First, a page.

At the age of six, I went door to door in my small rural community with my mother as she sat down with our neighbors (and their pets) to help them complete the U.S. census. Twenty years later, I held a temporary position working in the basement of an old mill building performing quality assurance checks over the phone with citizens who had submitted their census information. Working as a research assistant at a rape crisis center, and now as the evaluation coordinator at NSVRC, I use census data to write grant proposals, conduct community needs assessments, and evaluate the effectiveness of programs and projects. For those doing program evaluation, publically available data sources like the U.S. census, which is conducted every ten years, and the American Community Survey (which is also arriving in mailboxes this month) can help us track progress toward reducing sexual violence in our communities.
I am biased about the value and importance of this constitutionally mandated survey. But I also understand the history of undercounting people of color and confidential census records being used to imprison people of Japanese descent in internment camps during WWII. While the 2020 census asks questions where same-sex couples can identify themselves for the first time in the history of the survey, we are still waiting for comprehensive questions about sexual orientation and gender identity to be included. With April 1 being Census Day, individuals and organizations are working hard to make sure that everyone is counted and safe during this year’s census. Grassroots tools are available for immigrant community inclusion. Tips have been gathered for survivors of domestic violence, including immigrant survivors, and survivors from the Asian American, Native Hawaiian, and Pacific Islander (AANHPI) population can participate fully and safely. Our partners at the National Network to End Domestic Violence created a critical guide on participation requirements and important privacy considerations for survivors of violence. Additionally, the Census Bureau is carefully watching coronavirus developments to keep households and census workers healthy during this process.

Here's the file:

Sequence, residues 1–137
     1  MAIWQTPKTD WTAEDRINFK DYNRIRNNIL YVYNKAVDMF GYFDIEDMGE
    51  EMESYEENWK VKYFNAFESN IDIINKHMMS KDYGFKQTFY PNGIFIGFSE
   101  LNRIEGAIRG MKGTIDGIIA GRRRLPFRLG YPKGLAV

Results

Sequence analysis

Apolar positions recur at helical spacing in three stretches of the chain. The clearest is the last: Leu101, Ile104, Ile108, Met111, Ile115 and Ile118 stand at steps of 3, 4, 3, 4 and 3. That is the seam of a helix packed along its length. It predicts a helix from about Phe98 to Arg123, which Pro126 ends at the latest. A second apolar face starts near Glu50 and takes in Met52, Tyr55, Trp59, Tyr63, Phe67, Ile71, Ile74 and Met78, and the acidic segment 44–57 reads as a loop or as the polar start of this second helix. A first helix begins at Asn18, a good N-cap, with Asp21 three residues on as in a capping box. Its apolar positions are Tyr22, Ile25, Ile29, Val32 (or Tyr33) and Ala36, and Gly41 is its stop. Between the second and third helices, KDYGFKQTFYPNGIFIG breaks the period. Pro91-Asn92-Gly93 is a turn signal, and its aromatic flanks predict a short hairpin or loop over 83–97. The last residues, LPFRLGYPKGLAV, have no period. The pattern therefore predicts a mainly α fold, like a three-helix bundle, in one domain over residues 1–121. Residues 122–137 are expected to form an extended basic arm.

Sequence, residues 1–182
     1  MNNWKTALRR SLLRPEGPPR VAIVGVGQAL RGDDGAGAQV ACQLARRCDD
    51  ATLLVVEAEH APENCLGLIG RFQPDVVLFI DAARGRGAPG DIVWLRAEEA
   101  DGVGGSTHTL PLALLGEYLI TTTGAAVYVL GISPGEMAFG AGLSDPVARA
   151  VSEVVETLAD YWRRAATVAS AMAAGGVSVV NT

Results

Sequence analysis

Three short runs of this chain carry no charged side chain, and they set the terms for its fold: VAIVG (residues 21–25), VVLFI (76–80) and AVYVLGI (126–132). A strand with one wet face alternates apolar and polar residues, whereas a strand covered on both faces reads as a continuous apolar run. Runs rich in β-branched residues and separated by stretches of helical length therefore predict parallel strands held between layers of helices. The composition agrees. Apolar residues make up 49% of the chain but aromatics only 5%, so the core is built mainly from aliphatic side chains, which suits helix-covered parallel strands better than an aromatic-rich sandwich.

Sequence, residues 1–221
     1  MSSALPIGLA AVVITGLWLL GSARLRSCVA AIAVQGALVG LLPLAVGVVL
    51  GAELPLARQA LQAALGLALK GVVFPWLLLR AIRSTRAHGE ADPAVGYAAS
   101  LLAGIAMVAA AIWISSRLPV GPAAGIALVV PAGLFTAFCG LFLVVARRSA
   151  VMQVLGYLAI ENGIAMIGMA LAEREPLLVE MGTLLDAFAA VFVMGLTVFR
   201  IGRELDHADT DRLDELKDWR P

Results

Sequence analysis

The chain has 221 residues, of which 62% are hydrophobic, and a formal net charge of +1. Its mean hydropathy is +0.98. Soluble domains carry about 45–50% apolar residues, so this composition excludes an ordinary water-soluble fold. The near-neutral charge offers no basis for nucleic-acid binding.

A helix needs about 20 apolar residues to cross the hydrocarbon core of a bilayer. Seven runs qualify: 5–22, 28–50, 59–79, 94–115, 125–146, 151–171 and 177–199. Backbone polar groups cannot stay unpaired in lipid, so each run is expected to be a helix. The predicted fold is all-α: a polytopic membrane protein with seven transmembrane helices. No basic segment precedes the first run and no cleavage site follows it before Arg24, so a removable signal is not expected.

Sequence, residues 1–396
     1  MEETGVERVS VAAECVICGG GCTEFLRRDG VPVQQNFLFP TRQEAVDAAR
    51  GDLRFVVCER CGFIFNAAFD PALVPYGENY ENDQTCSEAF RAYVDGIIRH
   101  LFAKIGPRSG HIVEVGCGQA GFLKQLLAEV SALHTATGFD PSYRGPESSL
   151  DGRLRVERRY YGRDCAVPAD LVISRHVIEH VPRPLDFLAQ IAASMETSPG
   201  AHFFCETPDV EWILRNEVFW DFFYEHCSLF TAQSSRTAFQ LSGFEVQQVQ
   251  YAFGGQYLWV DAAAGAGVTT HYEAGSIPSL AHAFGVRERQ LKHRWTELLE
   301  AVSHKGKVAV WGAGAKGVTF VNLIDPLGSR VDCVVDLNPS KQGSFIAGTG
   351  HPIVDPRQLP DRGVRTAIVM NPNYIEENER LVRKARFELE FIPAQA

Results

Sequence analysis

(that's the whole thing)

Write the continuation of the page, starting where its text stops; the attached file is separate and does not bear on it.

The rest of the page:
So why do we all care about the census so much? Simply put, it has the power to shape our future.
The census is a central feature of our democracy. Data collected is used to determine how many congressional representatives each state gets in the U.S. House of Representatives and school and legislative district boundaries. Just as critical is the use of census data to determine how much funding communities get for essential public services like health care, education, housing, emergency services including domestic violence shelters and sexual assault programs, and infrastructure programs. Check out this infographic about how federal funds were distributed across the country in 2016 based on census data.
It’s hard to prioritize the 2020 Census as we are practicing social distancing, worried about friends and family members at increased risk for contracting COVID-19, and trying to keep the kids in our lives safe, or at least entertained, during a pandemic. But COVID-19 is also giving insight into priority infrastructure and service gaps that need to be addressed. I urge you not to just think about today, but what you and your community will need in ten years. You have the power to shape your community’s future by participating in the 2020 Census. Let’s build something positive together. Support your community members in responding with these share graphics that you can customize like this one.
For more information about how to respond to the 2020 Census, visit: https://2020census.gov/en/ways-to-respond.html